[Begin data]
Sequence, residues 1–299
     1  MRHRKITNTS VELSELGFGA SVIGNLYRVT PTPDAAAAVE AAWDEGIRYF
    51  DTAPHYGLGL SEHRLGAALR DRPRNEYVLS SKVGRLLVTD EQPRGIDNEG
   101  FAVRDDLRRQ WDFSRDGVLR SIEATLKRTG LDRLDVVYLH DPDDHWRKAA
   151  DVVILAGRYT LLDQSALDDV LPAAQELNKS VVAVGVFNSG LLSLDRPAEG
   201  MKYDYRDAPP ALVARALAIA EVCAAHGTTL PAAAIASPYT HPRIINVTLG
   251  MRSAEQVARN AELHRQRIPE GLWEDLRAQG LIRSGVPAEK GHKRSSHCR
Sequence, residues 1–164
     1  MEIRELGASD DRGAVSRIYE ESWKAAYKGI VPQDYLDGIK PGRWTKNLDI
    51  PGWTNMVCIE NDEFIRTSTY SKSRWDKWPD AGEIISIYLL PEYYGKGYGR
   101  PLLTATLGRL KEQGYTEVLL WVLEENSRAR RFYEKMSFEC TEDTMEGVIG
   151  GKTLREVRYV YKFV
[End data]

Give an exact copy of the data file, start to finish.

Sequence, residues 1–299
     1  MRHRKITNTS VELSELGFGA SVIGNLYRVT PTPDAAAAVE AAWDEGIRYF
    51  DTAPHYGLGL SEHRLGAALR DRPRNEYVLS SKVGRLLVTD EQPRGIDNEG
   101  FAVRDDLRRQ WDFSRDGVLR SIEATLKRTG LDRLDVVYLH DPDDHWRKAA
   151  DVVILAGRYT LLDQSALDDV LPAAQELNKS VVAVGVFNSG LLSLDRPAEG
   201  MKYDYRDAPP ALVARALAIA EVCAAHGTTL PAAAIASPYT HPRIINVTLG
   251  MRSAEQVARN AELHRQRIPE GLWEDLRAQG LIRSGVPAEK GHKRSSHCR
Sequence, residues 1–164
     1  MEIRELGASD DRGAVSRIYE ESWKAAYKGI VPQDYLDGIK PGRWTKNLDI
    51  PGWTNMVCIE NDEFIRTSTY SKSRWDKWPD AGEIISIYLL PEYYGKGYGR
   101  PLLTATLGRL KEQGYTEVLL WVLEENSRAR RFYEKMSFEC TEDTMEGVIG
   151  GKTLREVRYV YKFV